Did your mother ever tell you, “Don’t touch that! If people threw it out, there must be a reason!”? Well, there is a reason: people are pigs.

No, really. They’ll throw anything out, there doesn’t have to be anything wrong with it. Except that they don’t need it today. Or they’re moving to a new apartment, and the object in question is totally worthless because it’s currently located in the old apartment.

And there’s no time when they toss so much, or with so little thought, as those two magic moments: May 1 and October 1. Moving day in Chicago. That reckless time when everyone is starting fresh. Or like it says on my calendar, Trashing Day.

I was never particularly shy about finding good stuff “out back.” From time to time I would come in and tell my husband to get up and help me carry home a nice armchair. But that was just serendipity. My systematic observance of Trashing Day really started when we moved away from Lincoln Park. Ravenswood is nice, but when we settled there I noticed a precipitous falling off in the quality of the garbage–most of it was, well, garbage. So I decided, come May 1, I’d go back to the old neighborhood.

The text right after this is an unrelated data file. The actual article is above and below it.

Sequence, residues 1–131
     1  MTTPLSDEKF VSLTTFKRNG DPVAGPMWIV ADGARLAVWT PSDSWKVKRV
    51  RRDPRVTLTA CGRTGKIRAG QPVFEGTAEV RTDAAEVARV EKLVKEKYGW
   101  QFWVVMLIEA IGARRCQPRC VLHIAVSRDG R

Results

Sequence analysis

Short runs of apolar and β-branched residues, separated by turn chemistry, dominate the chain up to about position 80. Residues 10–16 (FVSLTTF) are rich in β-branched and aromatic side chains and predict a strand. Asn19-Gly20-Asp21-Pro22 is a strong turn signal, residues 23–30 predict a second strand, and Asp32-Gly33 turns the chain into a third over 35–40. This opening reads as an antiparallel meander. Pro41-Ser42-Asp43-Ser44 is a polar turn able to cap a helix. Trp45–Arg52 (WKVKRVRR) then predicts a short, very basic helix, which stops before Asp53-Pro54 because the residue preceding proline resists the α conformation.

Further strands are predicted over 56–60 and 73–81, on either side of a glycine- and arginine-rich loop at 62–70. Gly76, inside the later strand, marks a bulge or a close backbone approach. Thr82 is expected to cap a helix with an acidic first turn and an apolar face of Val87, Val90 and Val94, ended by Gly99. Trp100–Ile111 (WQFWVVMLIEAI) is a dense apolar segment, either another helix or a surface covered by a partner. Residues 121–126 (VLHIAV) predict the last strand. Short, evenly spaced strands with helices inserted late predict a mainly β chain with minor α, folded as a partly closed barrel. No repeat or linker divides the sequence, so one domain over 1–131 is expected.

I’ll never forget that first big haul. I started out around the Fullerton el station, and by the time I worked my way down to Clybourn and Armitage, I had my arms full. Shopping bags overflowing with pillows, planters, rugs, and lamps, I slowly made my way back to Lincoln, where a merchant friend was nice enough to let me put my finds in the back room for a few hours.